Qatar Airways resumes Cebu service after eight years

Gulf airline Qatar Airways is expanding its network in the Philippines to 13 flights per week with the addition of a new route to Cebu, the host of Routes Asia 2019.

The oneworld alliance member began a 3X-weekly route from Doha’s Hamad International (DOH) to Mactan-Cebu International (CEB) on July 24 using Boeing 777-300ER aircraft. Service is initially scheduled until Oct. 23.

The route, which returns to the airline’s network after an eight-year absence, had been earmarked to start in April, but the launch was delayed because of the coronavirus crisis.

Cebu, the second-largest city in the Philippines, becomes the third destination in the country to be served by Qatar Airways. The carrier already operated 9X-weekly to the capital Manila (MNL) and 1X-weekly to Clark (CRK). With the addition of CEB, Qatar offers about 9,400 weekly two-way seats to the country.

Qatar Airways becomes the second of the ME3 carriers to serve CEB, with Emirates already operating a Dubai (DXB)-CEB-CRK-DXB circular service. Emirates began the Boeing 777-300ER-operated route in March 2016.

As well as launching flights to CEB, Guangzhou (CAN) returns to Qatar Airways’ network from July 26 as the airline continues to rebuild its network following the COVID-19 crisis. The route from DOH will initially be 1X-weekly.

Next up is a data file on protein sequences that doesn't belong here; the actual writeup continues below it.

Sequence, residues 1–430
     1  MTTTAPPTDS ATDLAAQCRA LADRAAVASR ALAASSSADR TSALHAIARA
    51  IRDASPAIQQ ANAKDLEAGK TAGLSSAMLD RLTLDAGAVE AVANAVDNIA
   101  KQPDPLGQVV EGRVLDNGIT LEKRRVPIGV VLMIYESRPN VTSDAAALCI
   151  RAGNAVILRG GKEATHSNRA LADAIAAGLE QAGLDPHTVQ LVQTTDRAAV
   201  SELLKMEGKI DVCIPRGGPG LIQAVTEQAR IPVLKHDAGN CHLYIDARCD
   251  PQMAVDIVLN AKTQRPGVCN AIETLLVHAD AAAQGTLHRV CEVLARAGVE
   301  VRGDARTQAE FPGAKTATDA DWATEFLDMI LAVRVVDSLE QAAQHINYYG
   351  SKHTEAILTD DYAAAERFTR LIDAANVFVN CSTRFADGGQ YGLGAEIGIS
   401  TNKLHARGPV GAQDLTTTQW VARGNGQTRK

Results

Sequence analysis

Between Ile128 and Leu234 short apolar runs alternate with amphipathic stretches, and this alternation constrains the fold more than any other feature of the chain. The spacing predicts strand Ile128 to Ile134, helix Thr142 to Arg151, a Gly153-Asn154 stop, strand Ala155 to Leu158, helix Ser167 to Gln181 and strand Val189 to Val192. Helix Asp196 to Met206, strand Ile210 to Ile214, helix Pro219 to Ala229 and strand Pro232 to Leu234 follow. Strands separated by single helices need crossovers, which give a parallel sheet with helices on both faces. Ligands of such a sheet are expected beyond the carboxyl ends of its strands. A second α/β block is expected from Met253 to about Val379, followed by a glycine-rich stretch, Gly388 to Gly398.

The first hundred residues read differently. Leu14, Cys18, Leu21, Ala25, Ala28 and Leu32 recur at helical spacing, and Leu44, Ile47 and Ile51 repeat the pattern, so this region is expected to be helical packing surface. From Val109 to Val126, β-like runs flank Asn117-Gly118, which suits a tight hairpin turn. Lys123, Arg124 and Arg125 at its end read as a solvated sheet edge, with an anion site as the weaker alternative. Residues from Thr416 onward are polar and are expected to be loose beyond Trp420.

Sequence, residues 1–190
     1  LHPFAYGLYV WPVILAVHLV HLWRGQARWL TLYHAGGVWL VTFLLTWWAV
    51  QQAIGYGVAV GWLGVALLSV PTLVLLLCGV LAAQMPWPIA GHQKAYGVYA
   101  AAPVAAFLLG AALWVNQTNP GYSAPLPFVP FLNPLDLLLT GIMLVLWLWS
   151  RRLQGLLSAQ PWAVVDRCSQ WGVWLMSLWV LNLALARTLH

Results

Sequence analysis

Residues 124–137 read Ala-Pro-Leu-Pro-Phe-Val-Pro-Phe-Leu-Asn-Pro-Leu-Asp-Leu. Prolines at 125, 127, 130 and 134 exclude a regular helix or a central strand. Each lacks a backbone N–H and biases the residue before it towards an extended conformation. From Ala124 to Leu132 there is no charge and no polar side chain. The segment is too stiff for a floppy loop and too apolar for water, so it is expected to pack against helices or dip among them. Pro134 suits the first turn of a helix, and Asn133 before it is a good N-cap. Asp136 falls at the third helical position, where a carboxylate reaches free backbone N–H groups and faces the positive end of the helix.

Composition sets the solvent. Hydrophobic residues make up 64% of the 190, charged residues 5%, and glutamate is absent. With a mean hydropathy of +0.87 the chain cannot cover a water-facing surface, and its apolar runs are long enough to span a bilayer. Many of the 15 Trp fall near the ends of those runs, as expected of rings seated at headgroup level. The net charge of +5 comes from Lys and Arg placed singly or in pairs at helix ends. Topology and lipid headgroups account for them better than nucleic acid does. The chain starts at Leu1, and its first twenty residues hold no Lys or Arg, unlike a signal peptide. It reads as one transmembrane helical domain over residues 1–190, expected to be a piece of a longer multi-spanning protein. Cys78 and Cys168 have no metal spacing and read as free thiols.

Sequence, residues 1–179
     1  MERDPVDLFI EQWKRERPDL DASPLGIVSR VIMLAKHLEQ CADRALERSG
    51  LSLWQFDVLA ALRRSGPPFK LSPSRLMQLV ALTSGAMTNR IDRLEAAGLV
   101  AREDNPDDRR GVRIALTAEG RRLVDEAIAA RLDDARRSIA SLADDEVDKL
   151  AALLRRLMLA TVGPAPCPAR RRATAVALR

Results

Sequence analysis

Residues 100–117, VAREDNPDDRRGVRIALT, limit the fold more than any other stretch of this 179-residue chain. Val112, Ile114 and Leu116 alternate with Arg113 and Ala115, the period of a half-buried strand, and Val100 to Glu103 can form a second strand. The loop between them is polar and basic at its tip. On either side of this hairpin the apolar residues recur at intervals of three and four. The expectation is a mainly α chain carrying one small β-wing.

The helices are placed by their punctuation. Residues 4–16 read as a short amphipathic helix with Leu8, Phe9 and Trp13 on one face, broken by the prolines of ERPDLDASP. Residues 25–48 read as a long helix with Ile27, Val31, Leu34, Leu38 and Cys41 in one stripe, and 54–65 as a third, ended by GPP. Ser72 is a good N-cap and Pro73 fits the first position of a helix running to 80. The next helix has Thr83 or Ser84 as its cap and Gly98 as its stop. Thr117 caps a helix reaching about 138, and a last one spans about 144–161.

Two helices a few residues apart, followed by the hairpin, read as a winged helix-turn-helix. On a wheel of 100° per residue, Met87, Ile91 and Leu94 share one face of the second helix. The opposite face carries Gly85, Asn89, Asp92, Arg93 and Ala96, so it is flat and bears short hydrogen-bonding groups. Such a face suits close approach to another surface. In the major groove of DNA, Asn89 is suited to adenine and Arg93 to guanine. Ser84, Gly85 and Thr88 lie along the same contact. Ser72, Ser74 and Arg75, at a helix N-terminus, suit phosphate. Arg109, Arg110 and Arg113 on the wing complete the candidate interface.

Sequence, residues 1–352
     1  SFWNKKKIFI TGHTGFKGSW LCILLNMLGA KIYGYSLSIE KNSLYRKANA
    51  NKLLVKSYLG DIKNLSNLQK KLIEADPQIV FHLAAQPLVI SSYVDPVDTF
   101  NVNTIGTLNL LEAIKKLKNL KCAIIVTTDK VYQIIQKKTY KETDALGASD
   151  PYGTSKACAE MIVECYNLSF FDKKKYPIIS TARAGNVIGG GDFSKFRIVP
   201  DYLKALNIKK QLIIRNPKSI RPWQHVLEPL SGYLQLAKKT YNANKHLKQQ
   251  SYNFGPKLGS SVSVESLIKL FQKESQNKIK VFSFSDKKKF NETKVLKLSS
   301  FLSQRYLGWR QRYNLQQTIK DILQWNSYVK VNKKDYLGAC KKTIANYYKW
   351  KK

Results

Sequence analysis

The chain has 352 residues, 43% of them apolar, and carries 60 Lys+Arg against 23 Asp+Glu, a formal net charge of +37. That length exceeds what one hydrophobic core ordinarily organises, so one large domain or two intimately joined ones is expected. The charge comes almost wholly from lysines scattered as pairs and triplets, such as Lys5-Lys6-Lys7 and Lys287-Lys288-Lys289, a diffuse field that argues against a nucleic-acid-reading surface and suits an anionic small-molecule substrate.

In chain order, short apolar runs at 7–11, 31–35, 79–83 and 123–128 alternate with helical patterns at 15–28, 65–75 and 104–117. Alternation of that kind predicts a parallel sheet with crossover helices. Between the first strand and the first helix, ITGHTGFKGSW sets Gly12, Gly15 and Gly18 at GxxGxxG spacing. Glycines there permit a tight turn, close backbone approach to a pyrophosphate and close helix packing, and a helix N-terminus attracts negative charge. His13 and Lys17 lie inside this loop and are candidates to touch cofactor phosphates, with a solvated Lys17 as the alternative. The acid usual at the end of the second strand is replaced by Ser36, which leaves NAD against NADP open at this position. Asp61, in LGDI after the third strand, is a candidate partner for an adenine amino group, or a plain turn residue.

“The resumption of Guangzhou passenger services is one of the significant steps taken by Qatar Airways to demonstrate our confidence in the gradual recovery of the regional travel market and global connectivity,” Qatar Airways CEO Akbar Al Baker said.

“In addition to scheduled freighter services, we have also operated a large number of charters and freight-only passenger aircraft to meet China’s surging demand for imports and exports.

“With the resumption of passenger flights, we will have 49 flights in total, comprising of passenger freighters, belly-hold cargo flights and freighters in and out of Mainland China each week, providing more than 2,500 tonnes of weekly cargo capacity each way.”

By the end of July, the airline’s network will expand to 450 weekly flights to more than 70 destinations. Weekly capacity will be about 340,000 seats, equivalent to approximately 35% of the capacity offered during the same week a year ago.

Speaking on an Aviation Week Network webinar earlier this week, Al Baker said that demand would take between three to five years to return to 2019 levels. However, he asserted that the industry will recover from the shock of coronavirus.

“People may hesitate to travel for the time being, because the problem of COVID is still fresh in their minds, but we had the same situation after 9/11 when people are afraid to fly on an aeroplane.

“We heard that there would be a long-term reduction in air travel, but it went the other way after a couple of years of depression. I think the same thing will happen now.

“The only thing is that, with the reduction of capacity and the bankruptcy of so many airlines, there will be a global shortage of capacity in the near-term.”

Watch the full webinar here

Photo credit: Nigel Howarth / Aviation Week Network

David Casey

David Casey is Editor in Chief of Routes, the global route development community's trusted source for news and information.